Card networks’ buy button goes global as competitive threats rise

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At a time when many have shifted to digital payments to weather the coronavirus pandemic, the four main U.S. credit card brands are aggressively expanding their own take on digital commerce.

Widely known as Click to Pay, the 'buy button' standard has attracted more than 10,000 U.S. merchants since its launch in 2019. Visa, Mastercard, American Express and Discover chose to forgo distinct branding in favor of a single experience that uses EMVCo’s Secure Remote Commerce (SRC), a standard designed to limit the exposure of payment credentials. That allows consumers to use a universal button to pay instead of entering personal account numbers and other information at checkout.

On Wednesday, the U.S. card brands began technical preparations for international usage of Click to Pay, adding Australia, Brazil, Canada, Hong Kong, Ireland, the U.K. and about a dozen other nations — with numerous others expected to follow given the brands’ goal of universal access.

“Ultimately we would like to have to have Click to Pay that way anywhere where Mastercard is accepted,” said Pablo Fourez, executive vice president of e-commerce solutions at Mastercard. Visa, Amex and Discover did not return requests for comment by deadline.

Other merchant service companies and acquirers will also support Click to Pay, including ACI Worldwide, Blackbaud, Braintree (a unit of PayPal), Global Payments and Square. International partners include Checkout.com, Noon Payments and Wind Cave. The agreements add more industry stakeholders to the initiative, including firms that would have originally been positioned as rivals to the card brands' goal of a single online experience.

These partners will help the card networks scale Click to Pay, and will also provide support such as hosting payment pages for merchants, Fourez said.

“The networks can’t do this alone, and this is where the long and growing list of partners come in,” said Zil Bareisis, a senior analyst at Celent.

The networks’ buy button is designed to address merchant concerns that the card brands or other parties would compete against each other for card not present transactions or to try to use SRC to gain “top of wallet” status. The design addresses this by an even representation of logos, with merchants only displaying logos for the cards they accept. That’s designed to be similar to traditional plastic cards, so most consumers will likely use the card they prefer for e-commerce.

The card brands also moved away from their own digital checkout services, with products such as Visa Checkout giving way to the universal buy button.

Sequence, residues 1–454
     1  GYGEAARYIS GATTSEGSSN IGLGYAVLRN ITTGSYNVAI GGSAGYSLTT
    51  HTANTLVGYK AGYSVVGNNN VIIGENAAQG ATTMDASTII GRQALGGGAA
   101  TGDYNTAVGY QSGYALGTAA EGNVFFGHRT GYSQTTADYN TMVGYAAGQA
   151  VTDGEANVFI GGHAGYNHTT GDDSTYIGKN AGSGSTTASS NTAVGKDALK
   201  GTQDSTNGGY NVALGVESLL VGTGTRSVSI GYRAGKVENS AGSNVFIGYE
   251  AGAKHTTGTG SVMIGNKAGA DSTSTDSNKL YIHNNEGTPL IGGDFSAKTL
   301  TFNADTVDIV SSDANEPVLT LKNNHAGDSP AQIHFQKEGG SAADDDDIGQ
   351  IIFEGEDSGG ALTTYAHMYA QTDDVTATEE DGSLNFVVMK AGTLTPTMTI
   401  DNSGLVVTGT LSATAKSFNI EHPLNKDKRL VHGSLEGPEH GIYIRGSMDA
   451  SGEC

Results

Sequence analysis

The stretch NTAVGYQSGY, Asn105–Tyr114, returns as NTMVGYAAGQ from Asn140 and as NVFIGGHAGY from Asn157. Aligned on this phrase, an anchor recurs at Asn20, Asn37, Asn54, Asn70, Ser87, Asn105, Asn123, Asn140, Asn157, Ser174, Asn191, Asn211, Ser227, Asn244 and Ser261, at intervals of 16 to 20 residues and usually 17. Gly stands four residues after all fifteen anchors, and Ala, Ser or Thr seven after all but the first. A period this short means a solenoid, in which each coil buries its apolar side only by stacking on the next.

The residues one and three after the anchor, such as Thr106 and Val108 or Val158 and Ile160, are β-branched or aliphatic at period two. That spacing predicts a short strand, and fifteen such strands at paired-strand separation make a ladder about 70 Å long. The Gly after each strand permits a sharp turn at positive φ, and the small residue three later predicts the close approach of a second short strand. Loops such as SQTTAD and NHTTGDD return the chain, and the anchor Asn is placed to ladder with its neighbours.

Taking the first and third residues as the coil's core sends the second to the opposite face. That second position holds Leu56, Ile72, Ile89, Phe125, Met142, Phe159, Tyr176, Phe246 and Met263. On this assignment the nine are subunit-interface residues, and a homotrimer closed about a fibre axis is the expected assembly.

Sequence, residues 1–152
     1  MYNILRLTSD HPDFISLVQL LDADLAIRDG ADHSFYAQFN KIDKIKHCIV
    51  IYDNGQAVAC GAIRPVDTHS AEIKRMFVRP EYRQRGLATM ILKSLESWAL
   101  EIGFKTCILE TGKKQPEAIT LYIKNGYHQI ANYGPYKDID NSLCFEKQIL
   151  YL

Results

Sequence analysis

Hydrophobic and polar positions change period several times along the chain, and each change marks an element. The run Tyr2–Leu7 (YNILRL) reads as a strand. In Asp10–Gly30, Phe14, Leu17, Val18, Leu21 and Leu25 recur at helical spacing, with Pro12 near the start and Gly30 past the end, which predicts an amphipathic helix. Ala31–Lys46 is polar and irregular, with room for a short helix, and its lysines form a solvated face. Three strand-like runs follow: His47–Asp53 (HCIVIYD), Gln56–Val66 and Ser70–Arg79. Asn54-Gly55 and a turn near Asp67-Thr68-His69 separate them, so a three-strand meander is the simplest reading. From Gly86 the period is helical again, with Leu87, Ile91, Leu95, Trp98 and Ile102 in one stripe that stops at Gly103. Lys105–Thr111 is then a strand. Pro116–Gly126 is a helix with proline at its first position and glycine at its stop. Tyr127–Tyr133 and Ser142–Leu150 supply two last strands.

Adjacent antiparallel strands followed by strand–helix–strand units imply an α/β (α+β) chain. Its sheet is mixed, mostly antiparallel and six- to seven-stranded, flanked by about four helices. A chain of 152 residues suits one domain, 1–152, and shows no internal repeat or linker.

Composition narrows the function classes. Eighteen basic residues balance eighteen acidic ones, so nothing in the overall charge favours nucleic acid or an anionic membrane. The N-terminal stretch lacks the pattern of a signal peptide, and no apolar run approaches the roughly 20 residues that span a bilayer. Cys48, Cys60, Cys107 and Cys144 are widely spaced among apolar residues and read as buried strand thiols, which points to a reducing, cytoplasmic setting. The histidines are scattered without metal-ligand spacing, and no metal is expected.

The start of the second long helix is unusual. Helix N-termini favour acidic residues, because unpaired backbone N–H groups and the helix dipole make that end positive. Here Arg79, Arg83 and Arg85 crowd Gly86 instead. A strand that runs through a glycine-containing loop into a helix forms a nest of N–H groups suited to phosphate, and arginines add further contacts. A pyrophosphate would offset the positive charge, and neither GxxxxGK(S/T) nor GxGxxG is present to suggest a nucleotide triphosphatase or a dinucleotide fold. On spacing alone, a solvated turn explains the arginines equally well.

There will be challenges to make SRC work across all of the brands involved as the initiative moves beyond the U.S. The network access control server has to recognize cardholders’ ability to participate and quickly determine if the cardholder is already enrolled, according to Tim Sloane, vice president of payments innovation at Mercator Advisory Group. That’s more complicated than the card networks’ 3-D Secure fraud prevention standard, for example, which sends a message to an issuing bank.

The SRC international transaction must take place between the card holder, merchant and access control server, Sloane said. “Maintaining a global list of every card and its status is hard, both from a server technology perspective and from the data management perspective,” Sloane said.

The card brands’ technology partners will provide support on the work needed to integrate stakeholders, Fourez said, adding existing tokenization projects and APIs would be helpful. “It’s quite scalable, and what happens in one market can be leveraged in another,” Fourez said.

The announced expansion of Click to Pay comes a few days after European banks made a renewed push to form their own payments network that’s designed to dilute the influence of the U.S. brands and other large U.S. companies like Facebook and Google.

U.S. brands are also trying to expand into China and India, though they have faced regulatory pushback. Amex recently announced it plans to clear domestic payments in China by the end of the year, and Visa and Mastercard are also pursuing that market.

Other card alternatives such as point of sale credit apps are expanding globally, looking to pick up support from merchants and consumers worried about accumulating revolving debt during the coronavirus-spurred economic downturn. Some point of sale credit firms reported triple-digit percentage jumps this spring as the virus took hold.

"If anything, this should strengthen the [European] banks’ resolve to build an alternative,” Bareisis said. “If SRC becomes widely adopted in Europe it would reinforce the position of existing networks and card rails.”

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